As the temperatures begin to warm, wildlife starts to move. Animals start coming out of hibernation to find food and look for mates. This includes the snakes. These guys have spent the winter in hibernation and are ready to enjoy the warmer weather, just like you and I. However, dogs and snakes don't usually go well together. Dogs tend to be fascinated by snakes because they really just look like a self powered toy! But an interaction between a snake and a dog usually ends badly, often for the snake - but in some situations an encounter with a snake could end very badly for the dog.
In Michigan, we only have one species of venomous snake, the Eastern Massasauga (Sistrurus catenatus catenatus). The Eastern Massasauga Rattlesnake is a pit viper with a triangular shaped head and dark brown, slightly rectangular patterns on the body that are set against a slightly lighter grey to dark brown background. The pupils are elliptical in shape. The adults can grow up to 2-3 feet long and do exhibit a distinctive rattle.
The Eastern Massasauga is found only in Michigan's Lower Peninsula. Although it is fairly uncommon to run into one, please take caution when walking in wetland areas. This is a shy, quiet species of snake that avoids humans and confrontation in general. It lives in marshy habitats and is well camouflaged. If you have been out walking in the snake's habitat, and you walked near one, there's a good chance it never even moved. They don't attack - but they will react when disturbed or threatened. If your dog finds one, they will most likely strike to protect themselves. Unfortunately, this can result in your dog being envenomated, which means they need prompt medical attention and may need Antivenin to treat the bite.
If your pet is bitten by a Massasauga (or any snake), DO NOT try to suck out the venom. Rinse the wound with clean water and promptly transport your pet to the veterinarian. The amount of venom produced by a Massasauga is meant to take down their typical prey such as rabbits, mice, voles, frogs, and other small animals. In those small animals, the venom can cause quick paralysis and death. Many defensive strikes against larger animals, including large dogs and humans, are actually dry strikes (meaning no venom is injected). However, there is no way to be sure when that happens. Fatal strikes on humans are rare; however, they can cause a nasty wound.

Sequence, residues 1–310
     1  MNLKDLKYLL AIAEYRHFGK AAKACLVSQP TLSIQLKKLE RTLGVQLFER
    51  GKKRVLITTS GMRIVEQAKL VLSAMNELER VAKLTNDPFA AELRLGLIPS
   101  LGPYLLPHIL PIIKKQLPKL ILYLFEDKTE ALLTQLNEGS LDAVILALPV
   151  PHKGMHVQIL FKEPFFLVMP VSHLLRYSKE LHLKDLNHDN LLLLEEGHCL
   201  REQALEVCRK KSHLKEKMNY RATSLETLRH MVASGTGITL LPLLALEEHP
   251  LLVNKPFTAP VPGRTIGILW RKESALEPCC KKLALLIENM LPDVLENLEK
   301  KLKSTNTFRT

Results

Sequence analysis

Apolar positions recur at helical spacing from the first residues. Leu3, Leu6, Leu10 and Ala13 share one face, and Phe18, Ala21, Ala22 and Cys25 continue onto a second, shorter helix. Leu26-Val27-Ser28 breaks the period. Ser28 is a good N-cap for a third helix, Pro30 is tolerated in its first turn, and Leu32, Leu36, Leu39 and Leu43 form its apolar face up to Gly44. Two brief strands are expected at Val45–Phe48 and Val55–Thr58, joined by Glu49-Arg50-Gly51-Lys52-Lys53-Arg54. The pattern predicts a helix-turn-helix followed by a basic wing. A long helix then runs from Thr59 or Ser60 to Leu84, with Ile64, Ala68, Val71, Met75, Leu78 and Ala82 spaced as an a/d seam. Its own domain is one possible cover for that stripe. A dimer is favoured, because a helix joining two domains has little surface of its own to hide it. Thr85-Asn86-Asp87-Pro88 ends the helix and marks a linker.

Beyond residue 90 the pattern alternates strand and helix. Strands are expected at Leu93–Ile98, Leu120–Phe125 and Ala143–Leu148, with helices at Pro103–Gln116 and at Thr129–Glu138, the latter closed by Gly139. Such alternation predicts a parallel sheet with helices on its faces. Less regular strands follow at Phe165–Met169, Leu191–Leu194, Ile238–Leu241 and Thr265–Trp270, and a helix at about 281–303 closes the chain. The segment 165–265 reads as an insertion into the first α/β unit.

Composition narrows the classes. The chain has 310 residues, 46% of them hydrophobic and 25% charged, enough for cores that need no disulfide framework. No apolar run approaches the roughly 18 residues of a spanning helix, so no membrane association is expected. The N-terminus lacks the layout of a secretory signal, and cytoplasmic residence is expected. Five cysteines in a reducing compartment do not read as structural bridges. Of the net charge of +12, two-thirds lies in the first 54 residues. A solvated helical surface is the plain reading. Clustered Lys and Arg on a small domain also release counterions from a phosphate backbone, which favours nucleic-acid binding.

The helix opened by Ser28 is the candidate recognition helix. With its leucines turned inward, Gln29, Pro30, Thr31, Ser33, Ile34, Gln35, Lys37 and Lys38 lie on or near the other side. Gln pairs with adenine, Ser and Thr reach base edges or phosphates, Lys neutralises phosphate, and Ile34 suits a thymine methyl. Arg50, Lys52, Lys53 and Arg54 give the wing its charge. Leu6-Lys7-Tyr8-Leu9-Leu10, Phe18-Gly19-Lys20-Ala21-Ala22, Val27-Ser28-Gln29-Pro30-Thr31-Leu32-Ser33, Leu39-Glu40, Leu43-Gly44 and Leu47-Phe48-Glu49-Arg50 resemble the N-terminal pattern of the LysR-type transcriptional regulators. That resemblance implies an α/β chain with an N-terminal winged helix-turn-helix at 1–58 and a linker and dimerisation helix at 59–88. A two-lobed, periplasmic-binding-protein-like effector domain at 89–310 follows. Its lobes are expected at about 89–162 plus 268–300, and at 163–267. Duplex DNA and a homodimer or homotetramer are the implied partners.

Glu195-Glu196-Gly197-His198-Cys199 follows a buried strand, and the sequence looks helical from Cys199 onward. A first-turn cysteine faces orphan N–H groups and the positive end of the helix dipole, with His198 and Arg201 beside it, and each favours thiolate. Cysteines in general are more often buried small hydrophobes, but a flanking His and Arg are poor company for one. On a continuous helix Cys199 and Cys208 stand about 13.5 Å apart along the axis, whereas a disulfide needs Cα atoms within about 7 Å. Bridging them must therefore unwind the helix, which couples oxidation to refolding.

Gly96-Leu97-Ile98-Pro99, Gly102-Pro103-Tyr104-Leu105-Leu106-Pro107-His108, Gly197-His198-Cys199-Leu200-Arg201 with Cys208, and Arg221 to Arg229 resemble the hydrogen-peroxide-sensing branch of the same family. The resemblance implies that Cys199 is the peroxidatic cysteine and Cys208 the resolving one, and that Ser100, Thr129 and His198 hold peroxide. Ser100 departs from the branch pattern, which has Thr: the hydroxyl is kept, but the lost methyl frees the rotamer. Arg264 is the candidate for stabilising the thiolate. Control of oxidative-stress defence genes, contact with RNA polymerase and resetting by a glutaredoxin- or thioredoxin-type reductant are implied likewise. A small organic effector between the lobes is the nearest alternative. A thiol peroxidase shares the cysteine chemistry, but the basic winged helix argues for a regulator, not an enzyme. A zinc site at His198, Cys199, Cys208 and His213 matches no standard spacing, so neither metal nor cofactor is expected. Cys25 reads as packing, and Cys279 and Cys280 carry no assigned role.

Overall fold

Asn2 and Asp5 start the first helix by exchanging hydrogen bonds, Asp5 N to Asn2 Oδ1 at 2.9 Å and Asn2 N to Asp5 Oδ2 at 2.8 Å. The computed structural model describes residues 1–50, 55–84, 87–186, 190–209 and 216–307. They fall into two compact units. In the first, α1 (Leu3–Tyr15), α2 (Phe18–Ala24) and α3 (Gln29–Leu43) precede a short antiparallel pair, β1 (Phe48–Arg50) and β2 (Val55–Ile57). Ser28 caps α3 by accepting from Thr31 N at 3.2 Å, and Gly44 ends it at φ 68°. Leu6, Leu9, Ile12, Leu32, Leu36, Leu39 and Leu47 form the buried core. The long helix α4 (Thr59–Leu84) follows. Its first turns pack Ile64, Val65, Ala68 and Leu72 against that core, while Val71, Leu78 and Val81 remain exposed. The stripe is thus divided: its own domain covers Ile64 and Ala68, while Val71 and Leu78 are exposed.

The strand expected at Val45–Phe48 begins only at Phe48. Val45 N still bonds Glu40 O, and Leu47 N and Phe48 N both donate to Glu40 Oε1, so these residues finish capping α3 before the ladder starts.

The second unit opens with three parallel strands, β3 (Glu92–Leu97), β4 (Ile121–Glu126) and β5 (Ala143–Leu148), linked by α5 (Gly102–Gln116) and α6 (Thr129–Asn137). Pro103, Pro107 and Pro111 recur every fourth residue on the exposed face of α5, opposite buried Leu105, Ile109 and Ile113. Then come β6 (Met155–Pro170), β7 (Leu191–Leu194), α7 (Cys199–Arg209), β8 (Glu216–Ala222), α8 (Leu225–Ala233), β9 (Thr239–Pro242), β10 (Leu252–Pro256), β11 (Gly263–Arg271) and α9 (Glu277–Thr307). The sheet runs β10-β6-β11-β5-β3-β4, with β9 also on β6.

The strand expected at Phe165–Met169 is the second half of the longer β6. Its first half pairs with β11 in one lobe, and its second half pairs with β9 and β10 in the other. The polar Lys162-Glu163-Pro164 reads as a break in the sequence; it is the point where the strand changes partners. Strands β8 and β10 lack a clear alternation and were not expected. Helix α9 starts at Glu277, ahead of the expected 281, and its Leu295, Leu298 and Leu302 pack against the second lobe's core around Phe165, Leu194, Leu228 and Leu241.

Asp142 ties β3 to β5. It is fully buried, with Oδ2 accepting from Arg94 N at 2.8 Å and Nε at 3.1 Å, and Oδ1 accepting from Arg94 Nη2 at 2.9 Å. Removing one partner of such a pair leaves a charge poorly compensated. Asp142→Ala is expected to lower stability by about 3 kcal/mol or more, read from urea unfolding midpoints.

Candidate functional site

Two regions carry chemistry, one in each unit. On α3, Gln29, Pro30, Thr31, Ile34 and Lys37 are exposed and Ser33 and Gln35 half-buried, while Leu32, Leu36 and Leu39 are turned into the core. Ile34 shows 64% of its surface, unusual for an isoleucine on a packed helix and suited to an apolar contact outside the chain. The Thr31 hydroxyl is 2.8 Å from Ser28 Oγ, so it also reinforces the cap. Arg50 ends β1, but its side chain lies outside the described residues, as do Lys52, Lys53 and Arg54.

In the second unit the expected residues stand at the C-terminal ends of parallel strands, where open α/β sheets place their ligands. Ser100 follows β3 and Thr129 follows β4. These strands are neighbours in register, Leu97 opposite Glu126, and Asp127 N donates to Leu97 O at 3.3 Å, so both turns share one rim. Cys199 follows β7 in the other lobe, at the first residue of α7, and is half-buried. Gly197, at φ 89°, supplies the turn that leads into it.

If you suspect your pet has been bitten, prompt medical attention is very important as it can be a life threatening incident. Rattlesnake venom quickly immobiizes the victim, starts to breakdown body tissues, and disrupts the body's ability to coagulate the blood. Snake bites are also extremely painful. If envenomated than treatment will require Antivenin, and AEC is one of the few clinics in the area that stocks Antivenin at all times.
If you ever encounter a Massasauga, DO NOT PICK IT UP OR HARRASS IT! Take a picture from a safe distance and report it to the Michigan Department of Natural Resources or to the Michigan Herp Atlas. If you are concerned that the snake is endangering your pets or family, stay out of the area where the snake was seen. Do not try to move it. It will most likely avoid you as much as you avoid it.
Note that the Eastern Massasauga is a Michigan Species of Special Concern, which means the populations are dropping and it's on its way to being a Threatened Species. Regionally, the Massasauga populations are dropping and it is currently going through the process of being listed as Federally Threatened. i.e. In Michigan we still have some decent populations compared to the rest of the country.
For more information check out the following websites:
Michigan DNR Eastern Massasauga Page and "60-Second Snake Video"
U.S. Fish & Wildlife Service Endangered Species Eastern Massasauga Article
For information on dealing with snake bites, check out: MSU Eastern Massasauga Rattlesnake Page
To report sightings of Massasaugas, as well as any reptiles or amphibians in Michigan, contact the Michigan Herp Atlas. The data submitted to this forum is used for responsible conservation and research to help keep our reptile and amphibians species around in Michigan:
Michigan Herp Atlas Website